Richard Bucke married at least (and probably) twice. Although the names of his wives are given in a number of documents, it turns out that they are actually unknown.

Richard Bucke had five children: Elizabeth, Mara, Gershon, Benomi and Peleg. Elizabeth was born in England, the others in Virginia.

In June of 1609, Richard and his wife left Plymouth, Devon, England for Virginia on the Sea Venture. Apparently, their daughter, Elizabeth, remained in England. The Sea Venture was the flagship of a supply fleet of seven ships and two pinnaces under command of Admiral Sir George Somers. The fleet encountered a hurricane off the Azores on July 25th which scattered the ships. The Sea Venture was wrecked off the coast of Bermuda on July 28th; the other ships eventually struggled into Jamestown but the Sea Venture was presumed lost. Actually, everyone on board the Sea Venture survived the shipwreck but the bottom of the ship was torn out by a reef. It took nine months to build two pinnaces which they named the “Deliverence” and the “Patience”. Leaving two men behind to keep Bermuda as a new British colonial possession, they sailed for Jamestown in May, 1610. William Shakespeare’s drama, “The Tempest”, is based in part on the events in Bermuda. Possibly because of the connection between “The Tempest” and the voyage, the Reverend Richard Bucke is sometimes described as a close friend of Shakespeare.

About April 5, 1614, the Reverend Richard Bucke officiated at the wedding of John Rolfe and Pocahontas. John Rolfe had been previously married but the name of his first wife is not known. With his first wife, John Rolfe had a daughter, Bermuda, who was born in Bermuda and was christened by the Reverend Richard Bucke on February 21, 1610. Bermuda Rolfe is assumed to have died in Bermuda; her mother is assumed to have died shortly after the two ships reached Jamestown. The Reverend Richard Buck must have been a close friend of John Rolfe. In addition to the shipwreck, the christening of the baby Bermuda and the wedding to Pocahontas, Richard Bucke was a witness to the will of John Rolfe.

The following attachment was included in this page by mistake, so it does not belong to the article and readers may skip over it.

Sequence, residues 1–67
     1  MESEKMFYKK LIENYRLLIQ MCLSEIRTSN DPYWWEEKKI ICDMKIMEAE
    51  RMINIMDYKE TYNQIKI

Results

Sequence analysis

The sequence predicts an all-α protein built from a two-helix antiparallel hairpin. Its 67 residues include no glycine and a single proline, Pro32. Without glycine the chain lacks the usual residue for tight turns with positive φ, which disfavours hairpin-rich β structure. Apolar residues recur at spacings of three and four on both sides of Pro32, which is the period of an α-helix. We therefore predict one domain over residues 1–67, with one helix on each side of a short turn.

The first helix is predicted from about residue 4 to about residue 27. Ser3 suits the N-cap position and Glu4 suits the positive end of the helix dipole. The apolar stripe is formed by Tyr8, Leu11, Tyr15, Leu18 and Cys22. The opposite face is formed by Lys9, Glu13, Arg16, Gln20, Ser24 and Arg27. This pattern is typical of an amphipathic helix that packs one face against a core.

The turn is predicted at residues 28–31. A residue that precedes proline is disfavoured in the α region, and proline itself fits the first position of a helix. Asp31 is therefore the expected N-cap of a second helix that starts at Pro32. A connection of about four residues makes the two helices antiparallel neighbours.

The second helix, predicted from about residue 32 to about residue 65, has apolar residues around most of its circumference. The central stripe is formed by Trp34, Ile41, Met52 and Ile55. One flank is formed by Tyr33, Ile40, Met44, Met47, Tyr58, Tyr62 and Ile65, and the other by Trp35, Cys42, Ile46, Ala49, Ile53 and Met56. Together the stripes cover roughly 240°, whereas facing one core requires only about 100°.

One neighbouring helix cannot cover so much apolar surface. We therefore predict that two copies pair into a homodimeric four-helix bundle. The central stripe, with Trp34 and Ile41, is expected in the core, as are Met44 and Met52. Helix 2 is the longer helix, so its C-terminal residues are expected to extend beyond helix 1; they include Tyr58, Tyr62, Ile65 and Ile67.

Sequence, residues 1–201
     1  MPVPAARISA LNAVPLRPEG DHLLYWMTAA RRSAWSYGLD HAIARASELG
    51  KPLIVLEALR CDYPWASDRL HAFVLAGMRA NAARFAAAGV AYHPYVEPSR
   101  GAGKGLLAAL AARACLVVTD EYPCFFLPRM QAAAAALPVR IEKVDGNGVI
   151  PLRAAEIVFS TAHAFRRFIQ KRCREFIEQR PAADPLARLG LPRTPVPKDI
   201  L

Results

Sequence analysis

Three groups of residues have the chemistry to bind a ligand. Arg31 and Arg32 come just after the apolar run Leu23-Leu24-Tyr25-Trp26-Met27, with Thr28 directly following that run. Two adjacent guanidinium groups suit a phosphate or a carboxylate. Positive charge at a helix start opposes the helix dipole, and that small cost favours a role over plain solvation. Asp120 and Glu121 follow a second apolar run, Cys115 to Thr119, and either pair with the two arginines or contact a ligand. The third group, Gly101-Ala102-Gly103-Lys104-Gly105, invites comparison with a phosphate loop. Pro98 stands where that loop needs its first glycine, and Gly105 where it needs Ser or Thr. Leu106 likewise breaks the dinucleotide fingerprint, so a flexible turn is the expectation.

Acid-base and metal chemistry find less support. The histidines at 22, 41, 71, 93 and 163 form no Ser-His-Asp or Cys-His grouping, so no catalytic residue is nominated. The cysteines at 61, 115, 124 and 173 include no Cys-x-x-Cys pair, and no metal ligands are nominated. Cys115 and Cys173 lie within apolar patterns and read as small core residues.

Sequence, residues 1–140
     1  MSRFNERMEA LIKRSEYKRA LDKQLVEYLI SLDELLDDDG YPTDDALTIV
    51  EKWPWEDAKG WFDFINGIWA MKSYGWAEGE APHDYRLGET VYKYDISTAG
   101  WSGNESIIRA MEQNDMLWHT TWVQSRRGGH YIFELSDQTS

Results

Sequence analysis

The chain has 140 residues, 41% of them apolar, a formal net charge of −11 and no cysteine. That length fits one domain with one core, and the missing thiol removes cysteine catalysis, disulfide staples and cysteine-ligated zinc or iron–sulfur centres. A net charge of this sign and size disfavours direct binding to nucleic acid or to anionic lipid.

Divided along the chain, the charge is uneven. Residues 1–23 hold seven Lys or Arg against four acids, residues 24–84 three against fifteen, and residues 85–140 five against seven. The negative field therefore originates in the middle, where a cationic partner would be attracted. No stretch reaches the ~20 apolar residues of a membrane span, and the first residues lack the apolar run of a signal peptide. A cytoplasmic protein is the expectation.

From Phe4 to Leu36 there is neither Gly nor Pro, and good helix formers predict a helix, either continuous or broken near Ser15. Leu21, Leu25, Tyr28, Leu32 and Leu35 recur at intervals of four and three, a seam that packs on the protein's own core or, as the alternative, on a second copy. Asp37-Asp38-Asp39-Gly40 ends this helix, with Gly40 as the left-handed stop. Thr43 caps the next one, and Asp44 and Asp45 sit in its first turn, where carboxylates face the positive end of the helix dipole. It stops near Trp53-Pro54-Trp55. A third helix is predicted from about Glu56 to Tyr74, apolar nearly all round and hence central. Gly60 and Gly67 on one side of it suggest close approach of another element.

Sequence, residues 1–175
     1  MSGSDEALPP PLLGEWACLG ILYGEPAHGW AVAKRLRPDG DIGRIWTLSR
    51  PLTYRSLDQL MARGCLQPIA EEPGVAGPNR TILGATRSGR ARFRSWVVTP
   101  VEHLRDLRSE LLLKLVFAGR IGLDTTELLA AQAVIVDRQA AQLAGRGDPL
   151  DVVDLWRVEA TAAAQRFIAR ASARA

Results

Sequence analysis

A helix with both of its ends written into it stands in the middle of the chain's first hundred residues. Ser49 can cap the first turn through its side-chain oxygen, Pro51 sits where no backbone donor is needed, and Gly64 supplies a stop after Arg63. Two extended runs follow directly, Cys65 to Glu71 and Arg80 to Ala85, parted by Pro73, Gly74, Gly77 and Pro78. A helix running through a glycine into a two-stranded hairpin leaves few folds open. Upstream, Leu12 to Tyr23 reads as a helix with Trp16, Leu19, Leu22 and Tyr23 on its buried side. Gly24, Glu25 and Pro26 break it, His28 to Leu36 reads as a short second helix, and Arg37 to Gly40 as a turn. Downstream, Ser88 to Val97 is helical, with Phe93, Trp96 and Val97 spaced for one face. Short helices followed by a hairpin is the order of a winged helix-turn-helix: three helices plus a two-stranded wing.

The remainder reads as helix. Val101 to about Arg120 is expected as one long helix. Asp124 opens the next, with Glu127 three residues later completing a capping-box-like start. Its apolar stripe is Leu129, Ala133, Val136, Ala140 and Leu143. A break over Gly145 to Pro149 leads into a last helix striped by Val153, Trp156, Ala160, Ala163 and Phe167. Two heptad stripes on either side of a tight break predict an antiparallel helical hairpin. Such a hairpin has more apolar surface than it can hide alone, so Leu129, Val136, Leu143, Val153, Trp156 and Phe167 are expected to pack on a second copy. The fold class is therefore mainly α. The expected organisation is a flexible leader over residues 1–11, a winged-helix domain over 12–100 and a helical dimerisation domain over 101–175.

Reverend Bucke opened the first general assembly that ever met in Virginia saying that “it would please God to guard and sanctifie all our proceedings to his owne glory and the good of the Plantation.”

Richard Bucke died ca 1623, probably in Jamestown, Virginia. One assumption is that he was killed in the massacre of 1622; however, since he was not listed among the victims, another possibility is that he died later of injuries or complications. Of course, his death may not be related to the massacre in any way.